The beginning of the book is the heart of it, he sets forth his central theses, core argument:

one dominant, overarching, nearly definitive principle for reading: Read at Whim.

Reading shouldn’t be about self-improvement (primarily), it isn’t the mental equivalent of eating Brussels Sprouts. It should be for pleasure. And to maximize that, Jacobs will argue—read at whim.

Following that, Jacobs talks about many aspects of reading for pleasure—note-taking, thinking about what we read, focus (and how to expand it), the role of ereaders (he’s surprisingly pro-ereader), fighting distractions, evaluating what we read and more.

I was particularly struck this time through by his section on re-reading. For growing in appreciation for, or understanding of a work. Or because you enjoy escaping into a well-known and beloved world for a period.

Jacobs frequently quotes Auden, at one point he cites Auden’s five ratings for a book—I think we should maybe replace the standard 5-Star system with this:

For an adult reader, the possible verdicts are five: I can see this is good and I like it; I can see this is good but I don’t like it; I can see this is good, and, though at present I don’t like it, I believe with perseverance I should come to like it; I can see that this is trash but I like it; I can see that this is trash and I don’t like it.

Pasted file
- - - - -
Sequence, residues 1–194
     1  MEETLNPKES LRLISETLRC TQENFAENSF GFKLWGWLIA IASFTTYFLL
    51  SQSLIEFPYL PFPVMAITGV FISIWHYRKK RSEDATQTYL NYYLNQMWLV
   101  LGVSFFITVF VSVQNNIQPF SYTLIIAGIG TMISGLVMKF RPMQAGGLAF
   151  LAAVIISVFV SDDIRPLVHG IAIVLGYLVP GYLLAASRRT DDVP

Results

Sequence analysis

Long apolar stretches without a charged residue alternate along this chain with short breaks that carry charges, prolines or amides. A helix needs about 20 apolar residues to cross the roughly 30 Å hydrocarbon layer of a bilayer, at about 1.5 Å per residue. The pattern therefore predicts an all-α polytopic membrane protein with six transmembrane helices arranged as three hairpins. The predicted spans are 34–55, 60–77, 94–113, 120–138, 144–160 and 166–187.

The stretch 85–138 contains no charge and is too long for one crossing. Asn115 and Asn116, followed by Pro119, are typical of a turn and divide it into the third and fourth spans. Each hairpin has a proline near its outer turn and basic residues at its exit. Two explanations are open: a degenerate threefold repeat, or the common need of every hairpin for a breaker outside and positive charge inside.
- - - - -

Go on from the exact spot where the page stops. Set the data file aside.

Most of all, this is a celebration of/appreciation of reading. Jacobs is a kindred spirit to us readers as well as a humanities professor. Reading is both a passion and a profession—and both (particularly the former) are clearly seen in these pages.

Our goal as adults is not to love all books alike, or as few as possible, but rather to love as widely and as well as our limited selves will allow.

Hear, hear. That’s a good reminder.


5 Stars

This post contains an affiliate link. If you purchase from it, I will get a small commission at no additional cost to you. As always, opinions are my own.

WWW Wednesday, January 15, 2020

Welcome to WWW Wednesday!

This meme was formerly hosted by MizB at A Daily Rhythm and revived on Taking on a World of Words—and shown to me by Aurore-Anne-Chehoke at Diary-of-a-black-city-girl.

The Three Ws are:

What are you currently reading?
What did you recently finish reading?
What do you think you’ll read next?

Easy enough, right?

What are you currently reading?

Technically, I’m not reading anything, because I’ve had this cold-ish thing for three days and haven’t been able to read (driving me crazy). But if I was, I’d be reading Deep Dark Dead by Steph Broadribb and am listening to Be Frank with Me by Julia Claiborne Johnson, Tavia Gilbert (Narrator).

What did you recently finish reading?

I just finished Seanan McGuire’s Come Tumbling Down and A Plague of Giants by Kevin Hearn and Luke Daniels, Xe Sands (Narrators) on audio.

What do you think you’ll read next?

My next book should be Wizard Ring by Clare Blanchard and some sort of audiobook. I’m not really sure what, but I’m just looking forward to reading anything.

Hit me with your Three W’s in the comments! (no, really, do it!)